Robustly Designed Optical Coatings for Cutting-Edge Science

Brian Bauman | 23-FS-024

Project Overview

Our goal is to create exquisite science-enabling optical coatings by designing them to be robust to common manufacturing errors in thickness and refractive index, thus opening new instrument design opportunities with reduced risk. We aim to achieve performance not through conventional tightening of coating tolerances, but by novel design of coatings to be more tolerant of errors in the first place -- achieving improved as-built performance. The key to the approach is a mathematical theory that analytically predicts the effects of tolerances and compensators so that those effects can be accurately included in the design merit function; this approach was successfully used in optical design to create systems tolerant of alignment errors. We applied a similar approach to thin film design. To demonstrate feasibility, we needed to show that we can create an appropriate coating performance perturbation theory that analytically calculates the performance degradation due to errors in layer thicknesses and refractive index. We also developed science cases that showed the scientific benefit of building out a capability to robustly-design optical coatings.

This study has shown that it is feasible to robustly-design optical coatings, and it has been somewhat less difficult than expected. We have obtained an analytic solution to performance degradation due to tolerances. Most components of the analytic solution are simple calculations based on information already calculated during optimization. A couple components are somewhat more complex, and we hope to find a simpler solution with a little more effort. Even so, we predict the additional computation time will be acceptable within the optimization loop. We have found that the "stock" scripting capabilities within a particular thin-film design code should be sufficient for implementing our approach within the optimization loop.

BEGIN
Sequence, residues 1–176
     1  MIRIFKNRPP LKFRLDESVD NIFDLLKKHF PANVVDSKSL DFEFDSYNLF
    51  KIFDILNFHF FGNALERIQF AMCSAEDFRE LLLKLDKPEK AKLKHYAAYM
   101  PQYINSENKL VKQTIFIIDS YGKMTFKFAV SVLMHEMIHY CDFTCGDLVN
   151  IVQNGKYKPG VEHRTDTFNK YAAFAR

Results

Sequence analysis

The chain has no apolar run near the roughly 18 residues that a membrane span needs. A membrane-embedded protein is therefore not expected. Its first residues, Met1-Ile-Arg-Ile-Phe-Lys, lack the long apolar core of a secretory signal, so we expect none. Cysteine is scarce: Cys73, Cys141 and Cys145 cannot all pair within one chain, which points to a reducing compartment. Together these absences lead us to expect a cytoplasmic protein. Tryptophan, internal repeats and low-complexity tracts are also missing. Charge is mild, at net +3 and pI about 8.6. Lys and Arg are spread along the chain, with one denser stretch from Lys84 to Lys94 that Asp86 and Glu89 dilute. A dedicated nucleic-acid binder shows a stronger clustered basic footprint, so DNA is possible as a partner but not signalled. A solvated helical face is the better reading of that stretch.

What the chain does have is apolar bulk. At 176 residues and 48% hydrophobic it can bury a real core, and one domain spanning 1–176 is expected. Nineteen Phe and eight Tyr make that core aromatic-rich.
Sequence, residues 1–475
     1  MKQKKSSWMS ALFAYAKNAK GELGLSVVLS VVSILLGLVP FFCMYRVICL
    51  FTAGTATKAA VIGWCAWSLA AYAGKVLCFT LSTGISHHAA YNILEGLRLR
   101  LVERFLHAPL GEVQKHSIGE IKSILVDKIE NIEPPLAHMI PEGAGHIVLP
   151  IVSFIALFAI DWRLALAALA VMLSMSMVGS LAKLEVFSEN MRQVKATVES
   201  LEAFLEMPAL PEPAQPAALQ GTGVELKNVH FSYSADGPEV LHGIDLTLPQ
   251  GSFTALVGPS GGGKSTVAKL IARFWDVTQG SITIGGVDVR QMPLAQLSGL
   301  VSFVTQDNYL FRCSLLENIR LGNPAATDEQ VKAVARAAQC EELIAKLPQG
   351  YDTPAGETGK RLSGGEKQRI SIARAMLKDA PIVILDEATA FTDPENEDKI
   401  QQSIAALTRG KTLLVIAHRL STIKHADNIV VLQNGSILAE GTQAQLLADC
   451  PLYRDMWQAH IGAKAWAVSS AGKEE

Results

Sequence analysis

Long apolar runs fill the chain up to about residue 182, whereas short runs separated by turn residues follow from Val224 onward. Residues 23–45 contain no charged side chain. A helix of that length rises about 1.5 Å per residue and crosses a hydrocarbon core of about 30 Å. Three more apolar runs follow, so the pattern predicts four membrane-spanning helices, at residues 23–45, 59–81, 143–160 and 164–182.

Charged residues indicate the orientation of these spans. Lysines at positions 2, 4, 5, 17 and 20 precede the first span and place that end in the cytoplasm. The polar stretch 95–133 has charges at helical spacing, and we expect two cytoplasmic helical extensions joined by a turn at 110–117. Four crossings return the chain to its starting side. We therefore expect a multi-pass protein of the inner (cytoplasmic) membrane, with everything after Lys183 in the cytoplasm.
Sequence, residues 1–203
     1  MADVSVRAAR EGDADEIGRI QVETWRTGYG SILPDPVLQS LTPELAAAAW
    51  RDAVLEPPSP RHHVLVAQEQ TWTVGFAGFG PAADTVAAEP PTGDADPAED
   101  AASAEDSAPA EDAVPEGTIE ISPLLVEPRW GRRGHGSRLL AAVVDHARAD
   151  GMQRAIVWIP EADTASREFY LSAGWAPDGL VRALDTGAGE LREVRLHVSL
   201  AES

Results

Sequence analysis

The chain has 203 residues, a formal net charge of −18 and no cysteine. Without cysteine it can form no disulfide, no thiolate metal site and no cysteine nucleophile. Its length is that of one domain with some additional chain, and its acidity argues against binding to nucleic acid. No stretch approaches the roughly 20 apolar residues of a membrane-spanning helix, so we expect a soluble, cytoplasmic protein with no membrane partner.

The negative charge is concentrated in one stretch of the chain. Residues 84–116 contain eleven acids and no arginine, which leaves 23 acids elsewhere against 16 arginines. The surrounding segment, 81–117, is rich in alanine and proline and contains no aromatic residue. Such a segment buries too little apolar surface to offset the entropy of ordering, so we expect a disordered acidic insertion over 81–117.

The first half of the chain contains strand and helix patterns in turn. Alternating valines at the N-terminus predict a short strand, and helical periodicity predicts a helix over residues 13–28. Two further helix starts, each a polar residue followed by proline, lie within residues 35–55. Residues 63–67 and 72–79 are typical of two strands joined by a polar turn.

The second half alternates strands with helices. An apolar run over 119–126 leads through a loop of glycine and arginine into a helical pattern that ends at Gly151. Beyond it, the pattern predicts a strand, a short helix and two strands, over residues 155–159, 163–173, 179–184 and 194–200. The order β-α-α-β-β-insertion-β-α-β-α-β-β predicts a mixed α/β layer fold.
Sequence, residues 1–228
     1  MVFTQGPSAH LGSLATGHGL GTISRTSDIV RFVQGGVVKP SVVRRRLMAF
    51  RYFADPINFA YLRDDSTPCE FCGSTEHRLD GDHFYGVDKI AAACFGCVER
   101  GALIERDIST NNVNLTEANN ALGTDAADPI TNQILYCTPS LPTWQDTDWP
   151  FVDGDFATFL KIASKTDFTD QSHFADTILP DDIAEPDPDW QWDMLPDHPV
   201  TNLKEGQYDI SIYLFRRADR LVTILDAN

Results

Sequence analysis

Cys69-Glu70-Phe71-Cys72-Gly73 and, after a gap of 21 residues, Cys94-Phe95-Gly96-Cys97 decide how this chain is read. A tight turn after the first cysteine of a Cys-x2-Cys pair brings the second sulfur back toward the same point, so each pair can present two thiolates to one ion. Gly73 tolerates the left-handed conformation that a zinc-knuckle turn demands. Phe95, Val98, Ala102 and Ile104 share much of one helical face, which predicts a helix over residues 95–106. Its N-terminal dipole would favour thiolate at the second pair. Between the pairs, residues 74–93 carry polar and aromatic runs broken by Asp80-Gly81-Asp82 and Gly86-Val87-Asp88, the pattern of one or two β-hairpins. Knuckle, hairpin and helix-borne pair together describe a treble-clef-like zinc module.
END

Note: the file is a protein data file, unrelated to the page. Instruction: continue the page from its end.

Mission Impact

Demanding and robust optical systems are enabling for a cross-cutting range of applications in astronomy, remote sensing, laser systems, and national security. This project supports Lawrence Livermore National Laboratory's Core Competencies of Lasers and Optical Science and Technology and Advanced Manufacturing, as well as the Director's Initiative in the areas of Optics and Manufacturing Technologies and Space Science and Security. Combined with building out a robust coating design capability, we expect to fundamentally change how the thin-film co mmunity designs coatings by developing the theory to optimally design exquisite coatings for manufacture. We also will enable new, previously unobtainable science with more ambitious (yet more realistic) coating specifications.